No surrender: 'White Flags' group rises as new threat in northern Iraq
TUZ KHURMATU, Iraq - Behind the roaring flames burning off excess gasses at an oil facility in northern Iraq's Jambur mountains stretch miles of inhospitable desert, and Iraq's latest post-Islamic State (IS) frontline.
The Jambur oil facility was secured by Iraqi forces in October, as the government regained control of disputed territories from the Kurdish Regional Government following its disastrous independence referendum. But, commanders say, the facility is still under daily attack from a militant group hiding out in the Jambur mountains.
'White Flags attack most days. They have plenty of weapons, including artillery and mortars'
Said to be an alliance of former Islamic State militants and disgruntled Kurdish mafia members pushed out of the nearby town of Tuz Khurmatu, the group are known locally as the White Flags, after their banner - a black lion on a white background.
Although the White Flags appear to be something of a mythical entity - photographic evidence is limited to a few widely circulated images on social media - to the forces holding the Jambur frontline, they pose a very real threat.
"The White Flags attack us most days, usually at dawn or dusk, and they have plenty of weapons, including heavy artillery and mortars," Ali Ghazi Swaish al-Obeidi told MEE, gesturing towards the mountains.
Obeidi commands a unit of the Hashd al-Shaabi Jundil Imam Brigade, which is responsible for security at the oil facility and extensive pipelines that carry oil from the Jambur fields to the main North Oil Company processing stations in Kirkuk.
"They are a mix of IS fighters and local Kurdish mafia guys. We know they fight under this white flag because, after our biggest battle against them here, where we had three martyrs and killed four of them, we found one of their white flags."
Obeidi estimated that there were at least 500 fighters operating in the mountains but said the number could be as many as 1,000.
"The White Flags are members of IS and independent local Kurdish militias. They are not from the Peshmerga or any official Kurdish security forces," the head of Iraq's Special Forces Emergency Response Division (ERD), Thamer al-Husseini, told MEE, in Tuz Khurmatu.
Husseini said his forces had amassed in the town, 20km south of the Jambur frontline, to prepare for the liberation of the mountain range. "We do not think there are large numbers but they are occupying the mountains behind Tuz Khurmatu and behaving like terrorists."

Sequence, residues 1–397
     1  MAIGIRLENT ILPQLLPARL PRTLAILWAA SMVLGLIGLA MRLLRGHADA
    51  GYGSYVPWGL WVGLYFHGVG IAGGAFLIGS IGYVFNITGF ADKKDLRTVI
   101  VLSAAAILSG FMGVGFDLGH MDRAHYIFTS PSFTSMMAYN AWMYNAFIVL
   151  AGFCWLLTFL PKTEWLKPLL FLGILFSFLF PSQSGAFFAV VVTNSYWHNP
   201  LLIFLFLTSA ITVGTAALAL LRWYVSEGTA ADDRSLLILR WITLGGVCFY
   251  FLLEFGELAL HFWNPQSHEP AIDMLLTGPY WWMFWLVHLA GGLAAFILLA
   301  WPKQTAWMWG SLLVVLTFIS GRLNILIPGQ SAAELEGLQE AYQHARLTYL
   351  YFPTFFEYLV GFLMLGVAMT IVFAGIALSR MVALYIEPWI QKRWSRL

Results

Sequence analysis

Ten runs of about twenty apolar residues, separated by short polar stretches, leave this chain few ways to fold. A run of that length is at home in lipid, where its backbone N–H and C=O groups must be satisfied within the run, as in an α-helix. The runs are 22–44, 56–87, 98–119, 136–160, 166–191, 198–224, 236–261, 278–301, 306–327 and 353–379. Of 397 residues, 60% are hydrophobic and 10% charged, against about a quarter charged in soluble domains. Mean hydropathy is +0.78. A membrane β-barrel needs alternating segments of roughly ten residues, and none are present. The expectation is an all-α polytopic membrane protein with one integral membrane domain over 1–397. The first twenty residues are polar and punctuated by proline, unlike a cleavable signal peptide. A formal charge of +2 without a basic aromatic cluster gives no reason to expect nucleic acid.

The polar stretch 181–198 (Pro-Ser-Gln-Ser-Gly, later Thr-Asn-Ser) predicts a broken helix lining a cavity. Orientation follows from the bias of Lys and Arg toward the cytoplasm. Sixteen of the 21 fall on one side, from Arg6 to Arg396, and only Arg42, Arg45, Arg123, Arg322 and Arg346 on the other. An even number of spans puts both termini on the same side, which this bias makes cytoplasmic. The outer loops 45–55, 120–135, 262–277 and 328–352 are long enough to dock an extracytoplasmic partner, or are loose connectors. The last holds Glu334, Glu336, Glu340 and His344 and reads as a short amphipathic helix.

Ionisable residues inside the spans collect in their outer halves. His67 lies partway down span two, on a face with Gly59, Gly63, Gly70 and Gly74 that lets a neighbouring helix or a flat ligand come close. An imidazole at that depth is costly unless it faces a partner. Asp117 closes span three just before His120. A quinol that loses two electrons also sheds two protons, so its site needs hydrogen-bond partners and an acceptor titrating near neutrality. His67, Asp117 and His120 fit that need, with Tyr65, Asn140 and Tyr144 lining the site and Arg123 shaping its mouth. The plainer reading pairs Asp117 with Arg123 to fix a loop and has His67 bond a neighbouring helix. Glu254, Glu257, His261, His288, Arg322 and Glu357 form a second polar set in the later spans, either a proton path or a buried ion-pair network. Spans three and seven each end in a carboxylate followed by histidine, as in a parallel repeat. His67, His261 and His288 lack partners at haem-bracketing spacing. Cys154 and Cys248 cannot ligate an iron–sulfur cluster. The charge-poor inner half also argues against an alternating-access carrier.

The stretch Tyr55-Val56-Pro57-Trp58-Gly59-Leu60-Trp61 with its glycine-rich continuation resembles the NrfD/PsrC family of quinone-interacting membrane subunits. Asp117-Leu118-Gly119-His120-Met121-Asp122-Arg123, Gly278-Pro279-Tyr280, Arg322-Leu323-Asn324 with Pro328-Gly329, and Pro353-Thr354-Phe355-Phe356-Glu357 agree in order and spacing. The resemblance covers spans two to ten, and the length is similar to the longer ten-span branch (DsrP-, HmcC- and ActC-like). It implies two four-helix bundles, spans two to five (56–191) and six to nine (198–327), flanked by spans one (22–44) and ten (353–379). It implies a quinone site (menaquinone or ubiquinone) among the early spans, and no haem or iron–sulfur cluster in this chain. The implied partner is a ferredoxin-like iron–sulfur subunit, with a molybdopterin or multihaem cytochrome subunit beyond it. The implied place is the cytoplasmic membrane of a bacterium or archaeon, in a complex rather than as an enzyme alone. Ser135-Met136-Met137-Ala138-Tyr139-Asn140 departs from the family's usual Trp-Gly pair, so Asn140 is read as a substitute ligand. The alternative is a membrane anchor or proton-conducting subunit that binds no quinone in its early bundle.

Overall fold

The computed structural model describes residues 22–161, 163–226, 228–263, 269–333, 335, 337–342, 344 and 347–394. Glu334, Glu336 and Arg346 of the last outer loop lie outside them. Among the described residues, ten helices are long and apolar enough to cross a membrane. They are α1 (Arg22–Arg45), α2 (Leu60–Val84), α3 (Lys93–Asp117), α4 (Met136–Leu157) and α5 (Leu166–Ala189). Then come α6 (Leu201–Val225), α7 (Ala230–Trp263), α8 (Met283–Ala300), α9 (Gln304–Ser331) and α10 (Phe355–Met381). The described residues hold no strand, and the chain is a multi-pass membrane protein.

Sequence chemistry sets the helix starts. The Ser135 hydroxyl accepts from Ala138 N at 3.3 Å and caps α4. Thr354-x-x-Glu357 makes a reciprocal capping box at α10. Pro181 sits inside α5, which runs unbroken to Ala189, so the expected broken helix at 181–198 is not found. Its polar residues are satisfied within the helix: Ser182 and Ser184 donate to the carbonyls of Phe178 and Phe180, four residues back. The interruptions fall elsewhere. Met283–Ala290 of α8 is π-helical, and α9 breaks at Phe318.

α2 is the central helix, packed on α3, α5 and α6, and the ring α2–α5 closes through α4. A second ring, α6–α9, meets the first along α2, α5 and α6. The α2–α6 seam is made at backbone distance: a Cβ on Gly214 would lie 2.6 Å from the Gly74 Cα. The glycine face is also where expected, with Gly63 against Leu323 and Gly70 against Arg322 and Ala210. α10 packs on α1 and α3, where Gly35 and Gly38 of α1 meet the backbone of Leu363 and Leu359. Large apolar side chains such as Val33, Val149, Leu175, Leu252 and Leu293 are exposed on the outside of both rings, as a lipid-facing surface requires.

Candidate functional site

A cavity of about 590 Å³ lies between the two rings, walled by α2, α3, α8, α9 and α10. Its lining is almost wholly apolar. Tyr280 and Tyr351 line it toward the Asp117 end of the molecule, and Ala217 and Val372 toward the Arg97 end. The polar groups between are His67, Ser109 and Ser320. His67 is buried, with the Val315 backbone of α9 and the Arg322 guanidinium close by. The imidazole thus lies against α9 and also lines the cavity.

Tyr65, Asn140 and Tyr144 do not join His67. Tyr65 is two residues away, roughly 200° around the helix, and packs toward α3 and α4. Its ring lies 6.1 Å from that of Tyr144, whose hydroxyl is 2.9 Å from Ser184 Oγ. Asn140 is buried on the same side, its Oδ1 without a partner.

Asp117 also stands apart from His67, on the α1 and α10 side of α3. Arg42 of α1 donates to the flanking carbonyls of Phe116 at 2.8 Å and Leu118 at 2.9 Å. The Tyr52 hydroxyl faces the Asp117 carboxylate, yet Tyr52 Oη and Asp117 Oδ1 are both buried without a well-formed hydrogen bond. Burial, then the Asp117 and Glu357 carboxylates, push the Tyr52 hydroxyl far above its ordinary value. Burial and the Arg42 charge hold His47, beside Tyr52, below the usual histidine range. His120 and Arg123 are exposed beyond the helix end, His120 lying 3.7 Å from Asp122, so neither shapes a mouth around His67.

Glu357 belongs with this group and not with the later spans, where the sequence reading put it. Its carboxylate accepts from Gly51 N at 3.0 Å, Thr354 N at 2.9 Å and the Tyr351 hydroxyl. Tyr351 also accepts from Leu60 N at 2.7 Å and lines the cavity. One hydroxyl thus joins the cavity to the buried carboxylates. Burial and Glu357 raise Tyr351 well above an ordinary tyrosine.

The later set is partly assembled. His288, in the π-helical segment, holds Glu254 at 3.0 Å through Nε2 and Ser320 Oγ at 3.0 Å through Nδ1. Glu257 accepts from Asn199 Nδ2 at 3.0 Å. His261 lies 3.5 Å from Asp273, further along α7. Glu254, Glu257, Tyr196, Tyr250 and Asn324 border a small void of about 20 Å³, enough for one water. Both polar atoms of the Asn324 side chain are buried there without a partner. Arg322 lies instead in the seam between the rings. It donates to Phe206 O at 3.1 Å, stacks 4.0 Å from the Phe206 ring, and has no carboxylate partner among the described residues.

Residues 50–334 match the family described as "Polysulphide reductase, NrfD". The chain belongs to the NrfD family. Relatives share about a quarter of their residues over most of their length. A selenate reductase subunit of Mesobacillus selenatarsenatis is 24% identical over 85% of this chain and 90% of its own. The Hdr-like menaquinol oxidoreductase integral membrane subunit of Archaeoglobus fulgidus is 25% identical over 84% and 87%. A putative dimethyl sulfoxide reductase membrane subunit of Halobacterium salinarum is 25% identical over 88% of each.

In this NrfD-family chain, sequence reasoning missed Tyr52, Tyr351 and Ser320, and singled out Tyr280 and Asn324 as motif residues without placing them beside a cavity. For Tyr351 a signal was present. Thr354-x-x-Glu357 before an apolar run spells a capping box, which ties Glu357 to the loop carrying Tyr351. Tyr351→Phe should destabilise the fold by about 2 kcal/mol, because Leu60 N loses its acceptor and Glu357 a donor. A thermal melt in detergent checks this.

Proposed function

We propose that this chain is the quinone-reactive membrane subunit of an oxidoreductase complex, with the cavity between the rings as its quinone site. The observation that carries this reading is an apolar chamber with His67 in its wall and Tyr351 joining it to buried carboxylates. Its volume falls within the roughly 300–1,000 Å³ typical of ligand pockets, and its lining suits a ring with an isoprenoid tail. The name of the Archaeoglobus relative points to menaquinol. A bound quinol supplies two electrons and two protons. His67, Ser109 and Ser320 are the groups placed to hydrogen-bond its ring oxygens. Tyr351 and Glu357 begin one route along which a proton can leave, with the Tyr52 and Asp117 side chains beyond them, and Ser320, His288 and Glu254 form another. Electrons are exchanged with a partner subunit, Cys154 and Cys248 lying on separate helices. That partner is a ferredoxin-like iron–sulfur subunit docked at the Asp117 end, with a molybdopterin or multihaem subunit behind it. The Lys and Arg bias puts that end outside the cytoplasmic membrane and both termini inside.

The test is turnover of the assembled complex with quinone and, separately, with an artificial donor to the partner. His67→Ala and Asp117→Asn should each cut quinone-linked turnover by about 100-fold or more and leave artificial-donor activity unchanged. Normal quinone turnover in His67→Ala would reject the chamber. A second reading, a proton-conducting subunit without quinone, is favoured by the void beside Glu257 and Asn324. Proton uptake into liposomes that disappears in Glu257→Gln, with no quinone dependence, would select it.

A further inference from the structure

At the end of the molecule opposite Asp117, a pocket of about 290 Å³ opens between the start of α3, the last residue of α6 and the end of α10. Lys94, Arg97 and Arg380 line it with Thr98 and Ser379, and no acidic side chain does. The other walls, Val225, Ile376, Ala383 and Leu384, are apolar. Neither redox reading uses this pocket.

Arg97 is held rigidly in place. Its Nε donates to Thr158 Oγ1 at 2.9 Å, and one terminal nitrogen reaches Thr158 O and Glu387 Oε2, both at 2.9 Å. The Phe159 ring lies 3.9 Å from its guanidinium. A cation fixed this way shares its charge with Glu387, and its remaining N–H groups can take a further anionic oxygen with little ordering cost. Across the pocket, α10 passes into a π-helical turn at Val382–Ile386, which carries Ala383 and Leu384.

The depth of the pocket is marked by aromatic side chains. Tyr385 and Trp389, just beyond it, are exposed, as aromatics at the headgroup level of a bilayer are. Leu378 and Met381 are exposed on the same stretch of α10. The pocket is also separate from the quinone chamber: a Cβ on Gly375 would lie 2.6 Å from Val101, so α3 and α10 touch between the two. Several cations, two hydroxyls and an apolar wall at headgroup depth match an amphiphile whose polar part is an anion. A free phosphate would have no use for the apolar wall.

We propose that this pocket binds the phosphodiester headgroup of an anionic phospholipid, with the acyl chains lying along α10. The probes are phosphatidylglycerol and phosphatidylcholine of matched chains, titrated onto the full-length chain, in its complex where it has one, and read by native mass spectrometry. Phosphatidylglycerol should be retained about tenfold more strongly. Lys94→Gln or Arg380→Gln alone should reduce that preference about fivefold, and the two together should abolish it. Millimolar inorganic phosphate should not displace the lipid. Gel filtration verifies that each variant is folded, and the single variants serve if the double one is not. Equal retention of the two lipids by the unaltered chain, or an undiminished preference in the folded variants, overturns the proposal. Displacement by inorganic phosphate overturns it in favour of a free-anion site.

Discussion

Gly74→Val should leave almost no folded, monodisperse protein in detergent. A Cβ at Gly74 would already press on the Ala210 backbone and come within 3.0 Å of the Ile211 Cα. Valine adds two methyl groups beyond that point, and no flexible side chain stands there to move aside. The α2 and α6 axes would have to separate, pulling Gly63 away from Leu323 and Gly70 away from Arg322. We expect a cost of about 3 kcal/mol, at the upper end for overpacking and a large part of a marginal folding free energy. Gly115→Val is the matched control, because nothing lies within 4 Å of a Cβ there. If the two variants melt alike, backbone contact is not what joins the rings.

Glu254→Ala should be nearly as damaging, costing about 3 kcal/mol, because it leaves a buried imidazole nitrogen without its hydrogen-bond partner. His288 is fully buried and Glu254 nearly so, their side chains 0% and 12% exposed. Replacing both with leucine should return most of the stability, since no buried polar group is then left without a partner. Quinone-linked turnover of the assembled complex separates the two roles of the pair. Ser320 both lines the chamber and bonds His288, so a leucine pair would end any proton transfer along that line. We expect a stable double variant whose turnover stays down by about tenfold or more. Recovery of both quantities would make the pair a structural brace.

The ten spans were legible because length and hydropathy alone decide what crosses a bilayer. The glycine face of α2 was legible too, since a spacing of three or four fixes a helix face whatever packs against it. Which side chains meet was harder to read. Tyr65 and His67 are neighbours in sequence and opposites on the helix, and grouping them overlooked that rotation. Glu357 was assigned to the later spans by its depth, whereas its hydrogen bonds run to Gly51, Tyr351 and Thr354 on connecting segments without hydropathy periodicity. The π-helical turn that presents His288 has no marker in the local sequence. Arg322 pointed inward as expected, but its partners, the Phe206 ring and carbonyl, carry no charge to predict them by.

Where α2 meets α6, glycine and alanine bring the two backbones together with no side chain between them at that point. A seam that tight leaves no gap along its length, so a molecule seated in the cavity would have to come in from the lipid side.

The division recently beat back attacks from the White Flags on Tuz Khurmatu, in Iraq's Salah-al-Din province, as the first phase of the operation. They are now securing the town to enable residents to return to their homes, before moving troops into the mountains.
Husseini said the battle to liberate the Jambur mountains was imminent and would be a joint one, led by the ERD, and supported by Iraq's Hashd al-Shaabi forces and the KRG's Peshmerga, who will stage their part of the offensive from the KRG's post-October 2017 boundaries.
"The operation will be led by us from this side and by the Peshmerga from inside Kurdistan," he said.
"We have already been in talks with Peshmerga commanders and are arranging the details to make this a joint operation. We just deal with military commanders, we are not involved with any political matters between Iraq and the KRG."
What do the White Flags want?
According to Obeidi, the main aim of the White Flags is to regain control of the oil facilities, to enable them to continue what he claimed had been lucrative oil thefts. He said his forces had found widespread evidence of extensive oil theft carried out during the 14 years the area was under Kurdish control.
"We have already dug up four kilometres of small-gauge pipes which were fitted to the mainlines to tap the oil, stealing it and transferring it to other areas," said the Jundil Imam Brigade's head of civilian affairs, Faisal Ghazi.
"These thefts were carried out under the watch of the Kurdish security forces for 14 years. They should have been protecting the oil but they were also either overseeing, or involved in, stealing it for illegal trade and sales.